If Psycho announced the mother as a man's best friend, Marnie states that the mother is a girl's best friend. In yet another Alfred Hitchcock-like psychological exploration, Mark marries Marnie, a habitual thief as well as pathological liar, who is not fond at all of any kind of man's presence anywhere near her. However, she is forced by circumstances to accept him and his continuous attempts to help her, the alternative being jail. Mark's persistence eventually pays off, and the psychological solution to Marnie's problems is built with the usual Hitchcock thrilling ability.
Some quotes:
"Marnie Edgar: You don't love me. I'm just something you've caught! You think I'm some sort of animal you've trapped!
Mark Rutland: That's right - you are. And I've caught something really wild this time, haven't I? I've tracked you and caught you and by God I'm going to keep you."
"Marnie Edgar: Why don't you love me, Mama?"
"Marnie Edgar: You Freud, me Jane?"

De battre mon coeur s'est arrêté

Jacques Audiard attracted my opinion some time ago, when i came across his following quote: "In essence, my work brings a plus of realism and eliminates the classical story in which you accept the conventions, but don't actually manage to identify yourself with the characters." I really liked the sound of this, and i've considered it a planner's ego ever since.
Since i am so fond of (good) French movies anyway, i was quite familiar with the atmosphere, as well as with the development the movie would offer, and wasn't disappointed at all by any element. Tom Seyr has every chance of following his father's footsteps, into dirty real estate business. However, he's not ready to let go his dream of becoming a pianist, just like his mother, especially since he's offered the chance of an audition, by his mother's agent. Trapped between his father's demands, his love for his best friend's wife and his passion for music, which is enough to turn into the only connection with his Chinese virtuoso teacher, who doesn't know a bit of French, Tom is vividly analysed and portrayed on the screen. Everything in 2005 De battre mon coeur s'est arrêté, winner of 8 César awards, one BAFTA Film Award and a Silver Berlin Bear.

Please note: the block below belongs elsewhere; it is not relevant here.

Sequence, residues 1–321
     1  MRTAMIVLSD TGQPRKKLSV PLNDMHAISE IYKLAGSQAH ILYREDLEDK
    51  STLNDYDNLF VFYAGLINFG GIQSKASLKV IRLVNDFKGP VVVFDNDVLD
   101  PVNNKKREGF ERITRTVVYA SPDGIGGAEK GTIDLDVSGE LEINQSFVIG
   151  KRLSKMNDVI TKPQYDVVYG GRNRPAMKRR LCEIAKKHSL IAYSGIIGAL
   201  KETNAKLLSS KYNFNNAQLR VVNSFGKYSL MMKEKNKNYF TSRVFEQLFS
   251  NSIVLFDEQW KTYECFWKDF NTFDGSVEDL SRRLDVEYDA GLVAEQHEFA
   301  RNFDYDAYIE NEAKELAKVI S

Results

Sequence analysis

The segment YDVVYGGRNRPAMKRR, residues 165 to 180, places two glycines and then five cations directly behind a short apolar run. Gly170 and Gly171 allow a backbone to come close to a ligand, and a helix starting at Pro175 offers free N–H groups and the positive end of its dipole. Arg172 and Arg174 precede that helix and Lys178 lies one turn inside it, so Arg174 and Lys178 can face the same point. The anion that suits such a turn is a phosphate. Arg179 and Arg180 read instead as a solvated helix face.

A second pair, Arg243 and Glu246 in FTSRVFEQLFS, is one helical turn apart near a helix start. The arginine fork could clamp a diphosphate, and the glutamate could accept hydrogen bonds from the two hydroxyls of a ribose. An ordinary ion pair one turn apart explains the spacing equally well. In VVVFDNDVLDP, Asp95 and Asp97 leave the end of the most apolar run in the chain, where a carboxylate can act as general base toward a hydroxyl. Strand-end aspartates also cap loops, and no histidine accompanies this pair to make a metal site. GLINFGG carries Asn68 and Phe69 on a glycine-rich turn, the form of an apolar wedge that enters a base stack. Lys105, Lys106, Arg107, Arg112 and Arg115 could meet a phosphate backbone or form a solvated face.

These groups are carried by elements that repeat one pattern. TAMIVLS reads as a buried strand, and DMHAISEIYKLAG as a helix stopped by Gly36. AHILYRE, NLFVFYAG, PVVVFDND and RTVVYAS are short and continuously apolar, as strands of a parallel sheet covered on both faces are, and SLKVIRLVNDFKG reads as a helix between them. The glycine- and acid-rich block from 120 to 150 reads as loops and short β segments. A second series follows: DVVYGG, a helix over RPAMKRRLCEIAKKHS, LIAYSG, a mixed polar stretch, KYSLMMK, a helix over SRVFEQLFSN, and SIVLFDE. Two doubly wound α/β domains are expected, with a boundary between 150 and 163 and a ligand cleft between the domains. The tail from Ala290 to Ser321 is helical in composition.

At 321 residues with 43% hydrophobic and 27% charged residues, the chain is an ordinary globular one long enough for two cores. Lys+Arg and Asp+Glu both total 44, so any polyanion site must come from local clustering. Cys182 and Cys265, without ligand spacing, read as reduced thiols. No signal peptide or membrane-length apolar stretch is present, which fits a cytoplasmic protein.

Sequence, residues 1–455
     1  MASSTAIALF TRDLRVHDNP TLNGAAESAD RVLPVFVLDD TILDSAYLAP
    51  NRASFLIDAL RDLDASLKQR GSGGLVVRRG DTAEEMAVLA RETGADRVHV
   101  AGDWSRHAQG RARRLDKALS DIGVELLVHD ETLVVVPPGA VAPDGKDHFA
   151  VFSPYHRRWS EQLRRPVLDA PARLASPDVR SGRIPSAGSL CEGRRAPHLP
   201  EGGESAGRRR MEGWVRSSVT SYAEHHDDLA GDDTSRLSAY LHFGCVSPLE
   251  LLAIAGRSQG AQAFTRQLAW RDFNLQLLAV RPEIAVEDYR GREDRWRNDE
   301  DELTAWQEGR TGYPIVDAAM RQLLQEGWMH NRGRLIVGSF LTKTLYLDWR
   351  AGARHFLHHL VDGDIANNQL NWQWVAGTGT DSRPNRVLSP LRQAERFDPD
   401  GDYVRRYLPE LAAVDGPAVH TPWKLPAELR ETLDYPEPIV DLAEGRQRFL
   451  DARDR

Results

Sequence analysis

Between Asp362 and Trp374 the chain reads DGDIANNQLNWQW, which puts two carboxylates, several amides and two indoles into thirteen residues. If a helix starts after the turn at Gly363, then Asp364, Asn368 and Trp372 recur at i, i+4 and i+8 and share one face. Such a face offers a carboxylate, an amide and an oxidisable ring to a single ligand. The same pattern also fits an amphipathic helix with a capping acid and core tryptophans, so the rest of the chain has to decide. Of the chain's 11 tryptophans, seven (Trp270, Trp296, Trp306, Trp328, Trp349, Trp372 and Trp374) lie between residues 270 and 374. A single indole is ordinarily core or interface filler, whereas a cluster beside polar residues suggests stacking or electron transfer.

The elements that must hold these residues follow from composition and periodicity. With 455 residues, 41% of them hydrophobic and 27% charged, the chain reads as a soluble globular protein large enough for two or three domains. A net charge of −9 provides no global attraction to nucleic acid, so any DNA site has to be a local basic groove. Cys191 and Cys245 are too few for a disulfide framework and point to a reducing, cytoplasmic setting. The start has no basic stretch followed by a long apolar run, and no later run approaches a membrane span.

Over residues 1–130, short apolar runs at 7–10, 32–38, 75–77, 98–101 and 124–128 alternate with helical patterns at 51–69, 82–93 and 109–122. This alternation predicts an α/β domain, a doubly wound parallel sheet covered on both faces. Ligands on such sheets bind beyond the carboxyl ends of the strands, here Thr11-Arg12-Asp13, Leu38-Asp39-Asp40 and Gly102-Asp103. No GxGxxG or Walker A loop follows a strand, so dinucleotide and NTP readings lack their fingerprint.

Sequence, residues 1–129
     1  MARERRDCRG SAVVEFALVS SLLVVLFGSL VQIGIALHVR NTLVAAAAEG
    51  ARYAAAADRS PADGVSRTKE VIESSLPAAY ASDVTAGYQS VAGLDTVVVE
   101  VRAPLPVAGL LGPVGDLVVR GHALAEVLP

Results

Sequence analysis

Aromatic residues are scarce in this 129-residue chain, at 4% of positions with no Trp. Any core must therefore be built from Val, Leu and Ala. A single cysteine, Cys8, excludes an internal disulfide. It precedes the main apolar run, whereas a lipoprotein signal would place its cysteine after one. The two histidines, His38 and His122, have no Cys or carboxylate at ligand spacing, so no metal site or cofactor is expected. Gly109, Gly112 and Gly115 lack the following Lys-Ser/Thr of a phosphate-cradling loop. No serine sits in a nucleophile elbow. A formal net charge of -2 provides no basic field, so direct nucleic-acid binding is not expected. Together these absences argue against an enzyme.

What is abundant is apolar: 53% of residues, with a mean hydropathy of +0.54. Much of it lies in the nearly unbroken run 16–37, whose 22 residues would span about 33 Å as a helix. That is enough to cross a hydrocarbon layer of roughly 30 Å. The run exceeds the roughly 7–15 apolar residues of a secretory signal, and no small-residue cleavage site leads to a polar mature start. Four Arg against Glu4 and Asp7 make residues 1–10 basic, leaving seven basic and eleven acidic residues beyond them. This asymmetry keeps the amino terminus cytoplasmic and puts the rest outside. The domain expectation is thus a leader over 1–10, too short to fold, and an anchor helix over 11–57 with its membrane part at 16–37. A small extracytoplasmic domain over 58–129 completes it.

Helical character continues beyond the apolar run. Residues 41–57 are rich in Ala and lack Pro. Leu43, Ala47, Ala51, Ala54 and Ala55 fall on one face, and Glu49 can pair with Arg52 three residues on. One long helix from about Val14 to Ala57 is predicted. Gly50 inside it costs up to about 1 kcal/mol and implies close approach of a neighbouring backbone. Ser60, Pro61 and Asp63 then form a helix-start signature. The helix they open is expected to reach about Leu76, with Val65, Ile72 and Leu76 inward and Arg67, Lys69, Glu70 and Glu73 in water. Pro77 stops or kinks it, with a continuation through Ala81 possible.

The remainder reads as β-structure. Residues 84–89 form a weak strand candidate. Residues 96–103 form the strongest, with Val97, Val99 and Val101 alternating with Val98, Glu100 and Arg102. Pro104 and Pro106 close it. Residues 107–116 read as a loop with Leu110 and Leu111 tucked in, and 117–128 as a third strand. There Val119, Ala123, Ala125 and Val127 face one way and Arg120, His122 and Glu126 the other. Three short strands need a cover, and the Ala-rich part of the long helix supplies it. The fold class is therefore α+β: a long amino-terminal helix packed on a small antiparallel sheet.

Saturday, March 18, 2006

the lady vanishes

Alfred Hitchcock is one of those directors who never cease to amaze me. The lady vanishes is one of the greatest films of 1938 (of course) and yet another proof that Hitchcock is one of the best creators of thrillers ever. After an old British lady seems to have disappeared from a train, an entire game of complications and suppositions develops, most of them related to the question whether the lady actually was on that train or not. In other words, as one commentor on IMDB said, "A cracking plot, sparkling dialogue, great characters and sublime direction make The Lady Vanishes an all-time must see."
I admit i am rushing a bit with the comments, but i really am trying to get up-to-date with this blog.

nanny mcphee

aaaah...the eternal child in me...enjoyed this movie. Of course it's a silly children's story and nothing more, with magic and good and evil and all that, but i am always open to stories. Part because i still love reading comics so much, part because things are explained and revealed differently to children, which many times helps me spot and reflect upon certain details i'm not sure i would have taken into consideration otherwise. Plus, children have an amazing eye and way of thinking an sometimes their small things actually strike me. Enough with the mumble. Nanny McPhee is a sort of Marry Poppins, whose work principle is: "When you need me, but do not want me, then I will stay. When you want me, but no longer need me, then I have to go." It's just that unlike Marry Poppins, she's damn ugly in the beginning, i mean much more of a witch than a fairy. She has to take care of 7 children who had previously got rid of all the nannies in the local agency. And she manages to develop a great relationship with them, teaching them five great lessons and helping them and their father become a real family again.

Emma Thompson plays Nanny Mcphee and is also responsible for the screenplay, together with Christianna Brand. The director is Kirk Jones, and the seven children are really adorable.

broken flowers

"Sometimes life brings some strange surprises." Apparently this is the only thing capable of getting Don Johnston out of his current hibernation in the latest Jim Jarmusch movie. Only when receiving a letter which announced him that he was the father of a 19-year-old boy, does former Don Juan decide to go on a half-detective, half-emotional journey meant to unravel the sender of his previous lovers. "Broken flowers" was a pleasant experience from me, but i have to admit i had bigger expectations from it. The thing is that despite enjoying it, i constantly had the feeling that somethingwas missing. However, i'm not very sure what was that; i think i just wanted more.